Philanthropy during a pandemic: How Greek chapters adapt to COVID-19 restrictions to benefit the community


Philanthropic service is a core value of most Greek organizations. Members work year-round to support their chapter’s philanthropic efforts by holding fundraising events, volunteering in the community, and spreading awareness about the specific cause their national organization or specific chapter has chosen to support. 

COVID-19 restrictions have inevitably affected many chapters’ ability to serve others in their normal ways, yet DePauw’s Greek community has remained committed, adapting to the pandemic and continuing to support a variety of organizations. 

Alpha Tau Omega’s (ATO) philanthropy is toward men’s mental health and suicide awareness. Members work to raise funds for organizations that support this mission as well as eliminate the stigma behind the topic. 

Sophomore Sam Renggli, ATO’s philanthropy chair, said they’ve specifically chosen to sponsor the organization Movember, as they “acknowledge the exponential increase in men's mental health issues and suicide numbers and devote many resources to mitigate those numbers and help those who are affected by this.” 

Renggli said that normally their house holds a variety of events to raise money for their cause such as “Egg-a-Tau” or their annual cookout, but due to limits on in-person gatherings, they have been unable to hold any of their regular fundraisers. 

In order to continue supporting their cause, last semester they decided to hold an online fundraiser through Instagram. Members created bingo board-style graphics to post with different dollar amounts in each square, asking their followers to help them fill their board by Venmoing them a certain amount in support of men’s mental health and suicide awareness. 

Despite the fact they had to adapt from their previous efforts, Renggli said the fundraiser was a huge success. This semester, with lighter restrictions on in-person events, Renggli said they’re going to return to their typical philanthropy events. 

In addition to supporting their cause through fundraising, Renggli said that as a house they have worked to create an environment that mirrors their philanthropic mission by eliminating the stigma around men's mental health. “I think many brothers have found comfort in having vulnerable conversations with each other, something that is now heavily encouraged, but of course not forced,” Renggli said. “It's easier going through things together, not alone.”

Kappa Kappa Gamma’s philanthropy is also focused on supporting mental health, with DePauw’s chapter specifically supporting Mental Health America Putnam County, an organization that works to educate the public on mental health conditions and reduce barriers to treatment. 

Tessa Freeman, Kappa’s philanthropy chair, said this year Kappa’s nationals made the decision to switch their focus to supporting mental health-related organizations as they saw how important mental health education is on college campuses, especially in light of COVID-19. “We as a chapter are so excited to be able to contribute to a cause that hits close to home for many DePauw students,” Freeman said.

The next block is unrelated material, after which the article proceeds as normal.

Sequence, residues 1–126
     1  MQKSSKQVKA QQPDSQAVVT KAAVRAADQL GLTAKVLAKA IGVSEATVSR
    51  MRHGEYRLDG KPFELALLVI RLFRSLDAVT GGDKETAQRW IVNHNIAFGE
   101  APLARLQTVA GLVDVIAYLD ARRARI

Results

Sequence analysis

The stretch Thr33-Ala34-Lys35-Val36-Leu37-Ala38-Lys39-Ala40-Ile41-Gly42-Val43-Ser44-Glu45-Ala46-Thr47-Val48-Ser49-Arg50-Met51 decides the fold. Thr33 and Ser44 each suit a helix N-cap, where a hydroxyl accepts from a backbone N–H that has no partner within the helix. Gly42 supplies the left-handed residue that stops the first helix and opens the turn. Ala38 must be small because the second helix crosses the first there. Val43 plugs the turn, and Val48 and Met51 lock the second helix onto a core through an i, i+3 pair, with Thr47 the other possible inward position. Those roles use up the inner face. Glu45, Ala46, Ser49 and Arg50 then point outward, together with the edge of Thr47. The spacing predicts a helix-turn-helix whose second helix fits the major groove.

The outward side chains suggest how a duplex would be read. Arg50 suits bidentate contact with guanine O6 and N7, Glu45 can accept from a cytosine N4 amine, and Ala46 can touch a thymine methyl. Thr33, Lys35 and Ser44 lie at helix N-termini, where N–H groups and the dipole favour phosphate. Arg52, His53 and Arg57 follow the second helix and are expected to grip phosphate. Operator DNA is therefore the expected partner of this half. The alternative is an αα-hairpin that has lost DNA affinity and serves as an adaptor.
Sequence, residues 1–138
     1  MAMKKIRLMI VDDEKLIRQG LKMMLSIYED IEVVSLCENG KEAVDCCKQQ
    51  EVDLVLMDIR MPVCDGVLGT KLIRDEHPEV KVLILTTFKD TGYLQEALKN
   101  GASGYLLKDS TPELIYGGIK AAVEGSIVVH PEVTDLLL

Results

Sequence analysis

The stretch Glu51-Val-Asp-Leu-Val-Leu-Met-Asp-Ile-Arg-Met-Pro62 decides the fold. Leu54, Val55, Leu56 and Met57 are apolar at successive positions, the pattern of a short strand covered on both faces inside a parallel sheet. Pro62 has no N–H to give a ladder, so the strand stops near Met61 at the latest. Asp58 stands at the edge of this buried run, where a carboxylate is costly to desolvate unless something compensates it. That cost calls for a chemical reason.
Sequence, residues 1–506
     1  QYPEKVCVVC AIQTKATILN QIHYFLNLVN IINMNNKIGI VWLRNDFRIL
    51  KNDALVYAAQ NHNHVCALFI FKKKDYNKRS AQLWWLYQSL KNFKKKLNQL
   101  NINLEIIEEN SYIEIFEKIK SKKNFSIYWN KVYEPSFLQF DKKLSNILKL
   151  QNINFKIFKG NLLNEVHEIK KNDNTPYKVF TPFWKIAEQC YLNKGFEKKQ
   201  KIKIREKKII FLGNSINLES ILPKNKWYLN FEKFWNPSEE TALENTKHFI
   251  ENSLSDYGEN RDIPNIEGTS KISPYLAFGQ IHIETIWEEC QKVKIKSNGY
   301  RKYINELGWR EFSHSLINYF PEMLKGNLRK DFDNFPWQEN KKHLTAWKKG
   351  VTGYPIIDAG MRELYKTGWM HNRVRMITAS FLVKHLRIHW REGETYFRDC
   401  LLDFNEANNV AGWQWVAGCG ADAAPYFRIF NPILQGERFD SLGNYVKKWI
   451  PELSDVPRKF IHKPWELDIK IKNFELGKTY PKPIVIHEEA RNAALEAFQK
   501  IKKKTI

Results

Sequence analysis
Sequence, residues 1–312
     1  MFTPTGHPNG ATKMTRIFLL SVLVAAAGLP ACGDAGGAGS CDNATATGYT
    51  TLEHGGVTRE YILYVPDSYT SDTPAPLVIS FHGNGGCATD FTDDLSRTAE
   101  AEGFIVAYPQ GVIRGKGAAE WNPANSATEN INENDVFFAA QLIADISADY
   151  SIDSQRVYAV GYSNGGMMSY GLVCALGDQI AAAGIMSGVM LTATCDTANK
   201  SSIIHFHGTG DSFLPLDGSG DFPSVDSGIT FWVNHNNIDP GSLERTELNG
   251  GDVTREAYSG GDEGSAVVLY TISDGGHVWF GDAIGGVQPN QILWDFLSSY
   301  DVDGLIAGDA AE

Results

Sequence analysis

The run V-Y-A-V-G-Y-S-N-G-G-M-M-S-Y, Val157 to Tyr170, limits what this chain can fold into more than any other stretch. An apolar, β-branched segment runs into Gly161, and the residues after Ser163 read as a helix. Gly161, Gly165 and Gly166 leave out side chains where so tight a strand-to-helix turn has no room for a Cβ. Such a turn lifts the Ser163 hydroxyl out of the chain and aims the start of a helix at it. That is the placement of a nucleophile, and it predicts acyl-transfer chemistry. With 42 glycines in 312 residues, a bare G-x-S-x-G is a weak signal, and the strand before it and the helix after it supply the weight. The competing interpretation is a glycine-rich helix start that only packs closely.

Freeman said that while the pandemic made it difficult to hold engaging and accessible service and fundraising events, she said it also taught her chapter that “we can always find new and innovative ways to do things, especially when it comes to helping others.”

Last year, their annual “Kappa Kakes” event in partnership with Alpha Kappa Alpha selling pancakes the morning of Little 5 was completely canceled due to COVID-19, so Freeman said they’re looking forward to having the event year, “just with more safety precautions.” 

Lydia Dessauer, former director of service and philanthropy for Pi Beta Phi, was tasked with the challenge of finding ways to continue philanthropic service during the height of the pandemic in 2020. 

Before COVID-19, one way members of Pi Phi supported their mission of children’s literacy was through the Champions Are Readers program. The women would volunteer at a local Greencastle elementary school, reading to and reading with children of various ages weekly. 

In an effort to eliminate the spread of COVID-19, they had to temporarily pause their volunteer program, prompting Dessauer to think of new ways to promote children’s literacy. Turning to the web, Pi Phi members did an online book drive called ‘Books for Change’, focusing on books written and illustrated by authors of color to promote diversity within literacy. They also did ‘Storytime with Pi Phi’, where members read their favorite storybook and uploaded it to a YouTube channel to share with kids in the community. 

“Because our members loved reading to the kids so much, we really wanted to keep doing some type of reading thing,” Dessauer said. “Even though we couldn’t create bonds with the kids like normal, it was nice to give back to them in a different way.”